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Lecture 4

SEX LOVE AND MARRIAGE LECTURE 4 OCTOBER 5TH 2011.odt

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Department
Anthropology
Course
ANTH 2170
Professor
Karen Mc Garry
Semester
Fall

Description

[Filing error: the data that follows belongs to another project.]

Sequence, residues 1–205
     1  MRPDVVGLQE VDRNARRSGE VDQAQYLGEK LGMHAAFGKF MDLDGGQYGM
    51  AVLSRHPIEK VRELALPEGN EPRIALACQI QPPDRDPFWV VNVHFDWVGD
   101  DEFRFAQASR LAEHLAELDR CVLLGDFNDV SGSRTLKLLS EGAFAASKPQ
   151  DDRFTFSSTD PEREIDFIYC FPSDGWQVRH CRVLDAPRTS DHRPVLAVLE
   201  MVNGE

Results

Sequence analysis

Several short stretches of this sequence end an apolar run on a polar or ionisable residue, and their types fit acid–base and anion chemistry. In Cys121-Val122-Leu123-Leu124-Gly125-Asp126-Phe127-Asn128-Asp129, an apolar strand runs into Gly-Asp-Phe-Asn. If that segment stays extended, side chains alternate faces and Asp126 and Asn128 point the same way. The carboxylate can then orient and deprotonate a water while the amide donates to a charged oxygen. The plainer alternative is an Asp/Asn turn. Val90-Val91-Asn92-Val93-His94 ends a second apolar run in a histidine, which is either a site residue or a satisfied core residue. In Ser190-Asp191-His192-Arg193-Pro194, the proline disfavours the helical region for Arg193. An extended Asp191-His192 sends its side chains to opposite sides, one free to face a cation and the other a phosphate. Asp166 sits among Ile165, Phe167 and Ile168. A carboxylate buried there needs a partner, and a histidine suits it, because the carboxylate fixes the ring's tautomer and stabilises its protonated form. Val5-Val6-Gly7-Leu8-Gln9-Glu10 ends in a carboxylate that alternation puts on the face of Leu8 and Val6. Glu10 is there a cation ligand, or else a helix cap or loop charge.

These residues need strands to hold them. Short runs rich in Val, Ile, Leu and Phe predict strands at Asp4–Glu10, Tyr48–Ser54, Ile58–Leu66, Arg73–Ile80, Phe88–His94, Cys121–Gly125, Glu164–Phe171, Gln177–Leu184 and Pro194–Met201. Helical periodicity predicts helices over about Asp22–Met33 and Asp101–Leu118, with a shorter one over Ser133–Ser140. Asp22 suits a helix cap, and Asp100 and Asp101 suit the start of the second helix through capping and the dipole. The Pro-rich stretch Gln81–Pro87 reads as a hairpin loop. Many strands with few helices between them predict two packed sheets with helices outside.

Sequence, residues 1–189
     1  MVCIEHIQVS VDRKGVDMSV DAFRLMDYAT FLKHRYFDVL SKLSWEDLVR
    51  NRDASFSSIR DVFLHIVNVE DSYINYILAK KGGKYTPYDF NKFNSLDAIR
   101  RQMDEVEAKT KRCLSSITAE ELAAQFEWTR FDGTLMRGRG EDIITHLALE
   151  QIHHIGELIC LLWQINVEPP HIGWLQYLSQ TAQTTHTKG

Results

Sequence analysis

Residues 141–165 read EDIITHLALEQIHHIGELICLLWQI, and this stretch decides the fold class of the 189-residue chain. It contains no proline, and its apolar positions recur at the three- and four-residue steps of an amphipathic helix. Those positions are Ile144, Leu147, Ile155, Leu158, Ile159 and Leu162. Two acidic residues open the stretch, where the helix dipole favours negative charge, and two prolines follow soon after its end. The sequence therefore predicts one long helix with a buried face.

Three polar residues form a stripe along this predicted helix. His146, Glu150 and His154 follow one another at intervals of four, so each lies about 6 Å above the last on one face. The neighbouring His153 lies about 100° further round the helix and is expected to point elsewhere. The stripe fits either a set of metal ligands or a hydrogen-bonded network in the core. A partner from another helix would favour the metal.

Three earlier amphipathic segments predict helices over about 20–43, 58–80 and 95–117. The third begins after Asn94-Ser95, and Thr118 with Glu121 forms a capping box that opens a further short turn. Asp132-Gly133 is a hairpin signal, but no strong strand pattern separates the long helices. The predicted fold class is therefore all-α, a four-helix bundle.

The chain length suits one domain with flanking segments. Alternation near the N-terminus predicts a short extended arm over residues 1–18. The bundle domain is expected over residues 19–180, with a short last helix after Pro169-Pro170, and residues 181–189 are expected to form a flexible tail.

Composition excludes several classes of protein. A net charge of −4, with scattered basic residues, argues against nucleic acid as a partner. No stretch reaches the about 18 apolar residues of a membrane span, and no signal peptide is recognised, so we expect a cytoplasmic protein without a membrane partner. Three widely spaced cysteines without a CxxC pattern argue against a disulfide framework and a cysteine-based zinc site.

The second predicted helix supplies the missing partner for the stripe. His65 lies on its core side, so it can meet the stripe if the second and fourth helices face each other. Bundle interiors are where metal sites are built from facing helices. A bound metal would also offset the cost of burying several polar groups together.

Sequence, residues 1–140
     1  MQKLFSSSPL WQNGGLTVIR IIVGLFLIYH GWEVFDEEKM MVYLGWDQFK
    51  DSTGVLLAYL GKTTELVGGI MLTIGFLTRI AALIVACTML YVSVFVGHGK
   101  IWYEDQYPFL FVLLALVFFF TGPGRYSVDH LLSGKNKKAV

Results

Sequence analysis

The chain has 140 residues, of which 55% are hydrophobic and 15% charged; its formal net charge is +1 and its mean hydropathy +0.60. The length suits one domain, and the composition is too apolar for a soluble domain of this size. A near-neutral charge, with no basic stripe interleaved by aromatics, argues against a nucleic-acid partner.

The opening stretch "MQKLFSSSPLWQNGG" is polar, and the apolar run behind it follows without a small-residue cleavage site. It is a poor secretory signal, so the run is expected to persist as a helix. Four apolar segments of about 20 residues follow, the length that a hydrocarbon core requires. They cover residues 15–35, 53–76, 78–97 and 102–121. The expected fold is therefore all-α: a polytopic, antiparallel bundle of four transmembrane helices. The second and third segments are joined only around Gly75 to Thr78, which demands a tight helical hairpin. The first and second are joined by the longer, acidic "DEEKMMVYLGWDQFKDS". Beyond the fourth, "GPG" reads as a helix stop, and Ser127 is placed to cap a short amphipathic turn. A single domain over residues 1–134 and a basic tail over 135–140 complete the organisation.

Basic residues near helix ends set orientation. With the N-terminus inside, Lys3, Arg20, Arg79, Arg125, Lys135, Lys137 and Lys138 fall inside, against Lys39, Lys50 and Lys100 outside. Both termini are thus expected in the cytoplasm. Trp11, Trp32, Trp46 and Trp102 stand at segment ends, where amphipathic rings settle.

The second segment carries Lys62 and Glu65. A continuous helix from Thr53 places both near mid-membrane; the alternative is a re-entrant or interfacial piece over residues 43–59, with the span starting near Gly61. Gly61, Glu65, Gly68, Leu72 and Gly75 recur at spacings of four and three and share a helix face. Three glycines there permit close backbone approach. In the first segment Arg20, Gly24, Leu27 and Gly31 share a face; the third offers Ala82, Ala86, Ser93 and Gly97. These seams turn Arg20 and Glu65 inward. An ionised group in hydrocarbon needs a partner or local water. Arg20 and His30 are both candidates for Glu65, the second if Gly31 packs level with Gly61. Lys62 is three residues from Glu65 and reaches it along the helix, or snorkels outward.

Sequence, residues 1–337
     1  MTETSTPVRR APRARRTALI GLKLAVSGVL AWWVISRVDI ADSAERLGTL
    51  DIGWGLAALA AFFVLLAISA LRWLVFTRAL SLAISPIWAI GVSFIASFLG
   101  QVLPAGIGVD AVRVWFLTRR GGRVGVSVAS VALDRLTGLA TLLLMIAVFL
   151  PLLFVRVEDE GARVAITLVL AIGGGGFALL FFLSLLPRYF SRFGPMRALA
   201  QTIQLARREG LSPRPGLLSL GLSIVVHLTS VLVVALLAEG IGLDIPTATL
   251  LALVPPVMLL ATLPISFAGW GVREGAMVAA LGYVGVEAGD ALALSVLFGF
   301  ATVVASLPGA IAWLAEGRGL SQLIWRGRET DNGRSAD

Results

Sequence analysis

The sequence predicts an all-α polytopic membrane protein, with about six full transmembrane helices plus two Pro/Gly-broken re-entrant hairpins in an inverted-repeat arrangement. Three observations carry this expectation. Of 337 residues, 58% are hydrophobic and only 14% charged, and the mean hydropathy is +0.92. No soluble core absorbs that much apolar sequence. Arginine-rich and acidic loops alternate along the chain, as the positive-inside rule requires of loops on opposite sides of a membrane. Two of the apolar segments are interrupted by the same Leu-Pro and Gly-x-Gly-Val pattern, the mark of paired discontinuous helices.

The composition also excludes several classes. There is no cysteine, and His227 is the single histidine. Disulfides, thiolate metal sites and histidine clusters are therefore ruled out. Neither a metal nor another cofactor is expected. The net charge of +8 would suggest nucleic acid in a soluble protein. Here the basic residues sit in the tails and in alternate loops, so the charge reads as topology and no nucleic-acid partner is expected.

SEX LOVEAND MARRIAGE LECTURE 4: OCTOBER 5TH 2011 ➔ TEST OCTOBER 26THAND QUESTIONS DISTRIBUTED OCTOBER 19TH ➔ FOUCALT'S MAIN IDEAS: ➔ philosopher and historian interested in the history of modernity ➔ Focus on the production of a particular type of bodies (docile bodies). How different sorts of identities get produced. This implies that bodies are shaped by culture and constructed by cultural forces. They are not natural entities knowing how to be masculine or feminine. We are shaped and molded by disciplinary power which is a bi product of modernity. Techniques used to control and manipulate the body to act in a certain; to become docile which is a normative body. He is interested In looking at certain agents of discipline which operates in various institutions such as hospitals and so on. It does not just take place through these places. How this concept of disciplinary power operates in the Western industrialized contexts? To what extent are they applicable with non Western contexts? Is it applicable elsewhere? Concept of panopticism: how he uses the design of the panopticon as a metaphor in the ways thing works: space, constantly being monitored, surveyed, watched, and managing people in terms of their time (particular schedules to follow, lights out at a certain hour). Not following this is deviant. Foucault says we tend to naturalize discipline in the sense that we tend to view a lot of these places such as hospitals and prisons as natural; apolitical sorts of entities. We do not notice how they are disciplining our bodies. ➔ What are other ways discipline operates in our society?Answer: religion in some cases, how we discipline ourselves in terms of our relationships with people... ➔ TODAY: THE ISSUE OF GENDER ➔ Early 1990's, feminist scholars applied his work to the study of gender (in particular based on womens' bodies). How are womens bodies disciplined? How is it that we have come to value certain traits (clothing, hair, being thin) and equate them with being feminine? ➔ BARTKY: ➔ What are some ideals; normative ideas of femininity within our society? What about masculinity? How might this be different from ideals of femininity in other societies? st ➔ 1 QUESTION: women wear more dresses and heels than anything, bodily appearance (thin bodies), the want to bear children (must have a family), personality characteristics (nurturing, soft, kind hearted, girly), notions of space (thin to take up less space), sit with legs crossed, emotions; being sensitive and understanding and passive, specific sports and jobs being acceptable (football or construction would not be appropriate). These are also common stndeotypes within our culture. Ideals of gender areALWAYS CHANGING! ➔ 2 QUESTION: louder, rational, muscular (take more space), athletic, aggressive, less emotional. These ideals will be different across time and space. ➔ FOUCAULTAND GENDERED IDENTITIES: ➔ Sandra Bartky- argues that idealized femininity predicated upon discipline bodies and particularly through self-discipline. What might be some examples of how women discipline their own bodies? (Note- this written based on the Western Culture specifically). ➔ Docile bodies produced through self-discipline and surveillance. How women discipline their own bodies?Answer: diet, exercise, skin care, ideal feminine body is a youthful body and cannot look like it is aging, hair removal, clothing, make-up. To create the proper shape to display proper gestures and movements. ➔ SELF-DISCIPLINE RESULTS: ➔ page 95 ➔ Create proper female size and shape, proper gestures and movement, and to create a properly ornamented body ➔ Like when women are getting married they try to lose weight in order to fit in their wedding dress (expectations of those at the wedding). ➔ All these ways women try to create this perfec
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